Captain America: Civil War almost had a different ending that saw the Avengers re-assembling. Marvel Studios’ big-screen adaptation of the Civil War comics narrative had a few key differences to its print source. Instead of the Superhero Registration Act, it introduced the Sokovia Accords, which would have had all enhanced individuals regulated by the United Nations. Steve Rogers (Chris Evans) was against it, while Tony Stark (Robert Downey Jr.) was willing to sign the treaty. But while this was the initial source of their conflict, things became more personal by the third act of Captain America: Civil War.
Iron Man eventually decided it was best to patch things up with Captain America after discovering that Bucky Barnes was framed by Baron Zemo (Daniel Brühl). However, the truce only lasted for a short time, as Tony was confronted with the fact that the Winter Soldier had killed his parents. To make things worse, he learned that Steve had purposefully hidden the information from him, resulting in an intense and serious fight that lasted for several years and split the core Avengers team. With Earth’s Mightiest Heroes broken up, an opportunity for Thanos (Josh Brolin) arose to attack Earth while the Avengers were scattered around the globe.
However, had things panned out differently, Captain America: Civil War could’ve had a different ending. As revealed in The Story of Marvel Studios: The Making of the Marvel Cinematic Universe (via ComicBook), the Marvel Creative Committee wanted Marvel Studios to change the film’s ending. Instead of a finale that saw the Avengers still broken up, the committee “vetoed the idea,” and “insisted” that the studio re-assemble the team at the end of the film “to fight Baron Zemo and his squad of super soldiers in the film’s final act.”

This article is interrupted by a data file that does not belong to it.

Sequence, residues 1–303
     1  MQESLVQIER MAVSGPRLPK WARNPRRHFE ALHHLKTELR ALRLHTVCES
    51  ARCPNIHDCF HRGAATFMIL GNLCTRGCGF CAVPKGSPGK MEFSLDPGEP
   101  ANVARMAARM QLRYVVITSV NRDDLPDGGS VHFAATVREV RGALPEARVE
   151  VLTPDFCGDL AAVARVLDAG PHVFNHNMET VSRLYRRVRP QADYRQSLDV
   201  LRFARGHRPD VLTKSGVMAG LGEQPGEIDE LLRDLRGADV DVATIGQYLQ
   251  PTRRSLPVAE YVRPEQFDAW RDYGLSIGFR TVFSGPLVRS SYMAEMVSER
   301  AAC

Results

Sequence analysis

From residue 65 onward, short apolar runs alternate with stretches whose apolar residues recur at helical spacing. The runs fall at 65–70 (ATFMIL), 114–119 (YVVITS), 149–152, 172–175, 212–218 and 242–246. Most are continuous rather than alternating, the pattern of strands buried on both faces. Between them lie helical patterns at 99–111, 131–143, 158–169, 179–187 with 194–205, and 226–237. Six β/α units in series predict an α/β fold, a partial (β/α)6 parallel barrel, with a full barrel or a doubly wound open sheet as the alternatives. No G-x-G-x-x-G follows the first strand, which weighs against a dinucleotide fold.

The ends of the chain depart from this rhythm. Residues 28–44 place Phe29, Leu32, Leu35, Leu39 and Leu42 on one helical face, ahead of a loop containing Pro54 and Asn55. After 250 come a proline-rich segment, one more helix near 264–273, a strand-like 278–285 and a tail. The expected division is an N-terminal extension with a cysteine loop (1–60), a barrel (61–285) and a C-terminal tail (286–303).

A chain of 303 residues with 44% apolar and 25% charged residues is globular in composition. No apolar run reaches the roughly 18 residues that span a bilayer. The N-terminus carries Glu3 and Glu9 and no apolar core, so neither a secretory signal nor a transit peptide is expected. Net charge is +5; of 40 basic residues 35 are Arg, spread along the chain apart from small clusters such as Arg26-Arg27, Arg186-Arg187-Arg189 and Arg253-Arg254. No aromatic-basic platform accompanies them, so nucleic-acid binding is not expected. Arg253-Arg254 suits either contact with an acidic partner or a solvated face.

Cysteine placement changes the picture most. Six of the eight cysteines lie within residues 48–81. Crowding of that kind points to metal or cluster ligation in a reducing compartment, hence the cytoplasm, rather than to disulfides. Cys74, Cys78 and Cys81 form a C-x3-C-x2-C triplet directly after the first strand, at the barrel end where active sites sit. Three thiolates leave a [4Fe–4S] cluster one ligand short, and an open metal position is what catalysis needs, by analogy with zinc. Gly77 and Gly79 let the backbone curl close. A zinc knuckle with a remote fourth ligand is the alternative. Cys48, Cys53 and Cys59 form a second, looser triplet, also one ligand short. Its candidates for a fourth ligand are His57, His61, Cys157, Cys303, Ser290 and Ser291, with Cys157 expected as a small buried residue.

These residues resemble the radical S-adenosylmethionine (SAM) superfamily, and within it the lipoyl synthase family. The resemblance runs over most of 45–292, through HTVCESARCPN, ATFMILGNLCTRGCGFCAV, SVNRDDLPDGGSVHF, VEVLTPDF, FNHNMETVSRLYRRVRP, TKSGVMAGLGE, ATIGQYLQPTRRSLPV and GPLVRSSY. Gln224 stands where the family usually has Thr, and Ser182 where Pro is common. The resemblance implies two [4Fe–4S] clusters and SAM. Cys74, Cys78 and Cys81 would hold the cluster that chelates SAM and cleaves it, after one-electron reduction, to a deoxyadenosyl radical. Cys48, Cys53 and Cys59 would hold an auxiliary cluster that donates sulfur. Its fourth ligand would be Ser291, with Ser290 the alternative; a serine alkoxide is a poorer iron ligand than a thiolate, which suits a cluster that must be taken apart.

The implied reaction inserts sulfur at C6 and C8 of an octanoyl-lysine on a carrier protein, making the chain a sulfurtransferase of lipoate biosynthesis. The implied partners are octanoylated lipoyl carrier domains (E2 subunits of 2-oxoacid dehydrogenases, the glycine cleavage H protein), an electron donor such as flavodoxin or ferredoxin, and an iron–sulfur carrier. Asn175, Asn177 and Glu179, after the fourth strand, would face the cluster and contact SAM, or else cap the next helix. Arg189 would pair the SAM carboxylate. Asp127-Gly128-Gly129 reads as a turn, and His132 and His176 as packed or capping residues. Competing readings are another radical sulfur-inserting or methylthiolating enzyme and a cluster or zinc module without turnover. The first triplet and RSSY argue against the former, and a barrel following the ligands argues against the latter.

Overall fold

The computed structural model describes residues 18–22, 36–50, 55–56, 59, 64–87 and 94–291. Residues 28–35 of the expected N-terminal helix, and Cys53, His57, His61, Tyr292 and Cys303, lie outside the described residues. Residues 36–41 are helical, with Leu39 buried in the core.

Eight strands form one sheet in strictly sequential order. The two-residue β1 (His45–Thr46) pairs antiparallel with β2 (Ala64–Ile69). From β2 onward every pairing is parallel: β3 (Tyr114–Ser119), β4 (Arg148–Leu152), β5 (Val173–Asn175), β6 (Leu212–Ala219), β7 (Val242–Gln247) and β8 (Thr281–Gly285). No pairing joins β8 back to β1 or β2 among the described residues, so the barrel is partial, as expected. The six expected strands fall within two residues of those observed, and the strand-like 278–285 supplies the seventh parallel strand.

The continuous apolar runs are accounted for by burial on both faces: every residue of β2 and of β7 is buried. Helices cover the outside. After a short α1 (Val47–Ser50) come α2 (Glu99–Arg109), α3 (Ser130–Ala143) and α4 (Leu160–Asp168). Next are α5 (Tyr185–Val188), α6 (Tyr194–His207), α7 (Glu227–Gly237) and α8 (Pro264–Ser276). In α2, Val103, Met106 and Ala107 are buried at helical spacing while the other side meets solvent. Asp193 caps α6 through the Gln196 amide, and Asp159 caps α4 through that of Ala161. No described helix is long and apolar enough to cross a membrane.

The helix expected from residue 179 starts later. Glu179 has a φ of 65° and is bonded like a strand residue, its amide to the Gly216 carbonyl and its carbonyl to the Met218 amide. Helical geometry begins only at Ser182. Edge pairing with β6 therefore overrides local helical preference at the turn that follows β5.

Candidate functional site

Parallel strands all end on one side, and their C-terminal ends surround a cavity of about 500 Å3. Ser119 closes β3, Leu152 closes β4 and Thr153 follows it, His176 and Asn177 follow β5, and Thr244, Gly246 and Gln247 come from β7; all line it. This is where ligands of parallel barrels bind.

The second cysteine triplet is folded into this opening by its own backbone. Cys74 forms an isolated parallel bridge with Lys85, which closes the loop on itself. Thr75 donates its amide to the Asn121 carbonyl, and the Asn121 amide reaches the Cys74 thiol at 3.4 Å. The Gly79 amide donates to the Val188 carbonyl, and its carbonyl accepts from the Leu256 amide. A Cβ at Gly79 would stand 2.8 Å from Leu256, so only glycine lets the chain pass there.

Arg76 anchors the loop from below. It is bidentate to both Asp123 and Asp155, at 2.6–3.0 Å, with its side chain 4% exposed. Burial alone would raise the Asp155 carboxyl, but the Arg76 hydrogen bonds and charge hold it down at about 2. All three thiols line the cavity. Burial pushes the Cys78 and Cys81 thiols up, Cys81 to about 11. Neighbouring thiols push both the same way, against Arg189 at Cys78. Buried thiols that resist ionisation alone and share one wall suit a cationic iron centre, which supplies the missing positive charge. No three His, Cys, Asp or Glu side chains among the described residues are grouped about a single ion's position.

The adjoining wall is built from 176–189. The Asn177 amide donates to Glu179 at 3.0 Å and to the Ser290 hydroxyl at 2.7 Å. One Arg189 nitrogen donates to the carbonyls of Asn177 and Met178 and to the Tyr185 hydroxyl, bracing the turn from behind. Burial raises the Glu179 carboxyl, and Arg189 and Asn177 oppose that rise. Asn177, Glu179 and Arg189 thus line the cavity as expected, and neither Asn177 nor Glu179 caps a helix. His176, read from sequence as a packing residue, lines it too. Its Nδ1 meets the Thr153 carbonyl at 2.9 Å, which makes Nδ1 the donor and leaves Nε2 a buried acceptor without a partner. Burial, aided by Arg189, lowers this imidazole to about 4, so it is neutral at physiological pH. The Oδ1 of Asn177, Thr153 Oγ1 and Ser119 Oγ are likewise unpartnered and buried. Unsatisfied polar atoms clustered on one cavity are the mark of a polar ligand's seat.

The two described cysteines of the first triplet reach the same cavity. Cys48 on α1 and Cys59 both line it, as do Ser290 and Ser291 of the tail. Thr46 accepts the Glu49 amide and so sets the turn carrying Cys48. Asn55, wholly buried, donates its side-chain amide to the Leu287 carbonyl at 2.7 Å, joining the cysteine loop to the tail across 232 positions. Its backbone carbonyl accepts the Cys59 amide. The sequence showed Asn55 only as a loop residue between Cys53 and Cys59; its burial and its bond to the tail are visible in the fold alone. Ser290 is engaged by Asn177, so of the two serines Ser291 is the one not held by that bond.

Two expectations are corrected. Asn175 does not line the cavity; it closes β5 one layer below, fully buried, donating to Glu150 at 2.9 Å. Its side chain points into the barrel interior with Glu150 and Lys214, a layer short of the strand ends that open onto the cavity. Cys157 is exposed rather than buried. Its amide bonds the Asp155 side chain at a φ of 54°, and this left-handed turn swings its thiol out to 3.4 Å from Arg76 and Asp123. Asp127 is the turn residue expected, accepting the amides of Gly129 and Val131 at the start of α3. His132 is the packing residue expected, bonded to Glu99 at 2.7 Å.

This was at the point in Captain America: Civil War’s development that directors Joe and Anthony Russo almost quit the project. In the same book, the Russos revealed that after learning that the pair were contemplating leaving, Marvel boss Kevin Feige talked to then-Disney Chairman Alan Horn about the situation and, fortunately, the company executive sided with the directors. This not only allowed the Russo brothers to make the film they intended to do, but it also eventually freed Marvel Studios from the influence of the now-defunct Marvel Creative Committee. In hindsight, Captain America: Civil War’s canon ending is much better than its alternative. Had the Avengers simply re-assembled after their movie-long conflict, the story would feel underwhelming and without any stakes. What’s more, viewers have already seen the proposed third act a few times in the MCU, in the generic “third-act battle” that characterizes so many action films.
Changing the ending of Captain America: Civil War ending would also have significant ramifications in the wider MCU. The Avengers’ split was integral to Avengers: Infinity War‘s story, and not pushing through that would mean also altering the 2018 ensemble film and its direct sequel, Avengers: Endgame. Considering the fact that the Russos were ready to quit if the threequel’s film was changed, it’s safe to say Marvel Studios would’ve had to wrap up the Infinity Saga without the filmmakers, and had a considerably different (and likely less successful) finale on their hands.
Source: The Story of Marvel Studios: The Making of the Marvel Cinematic Universe (via ComicBook)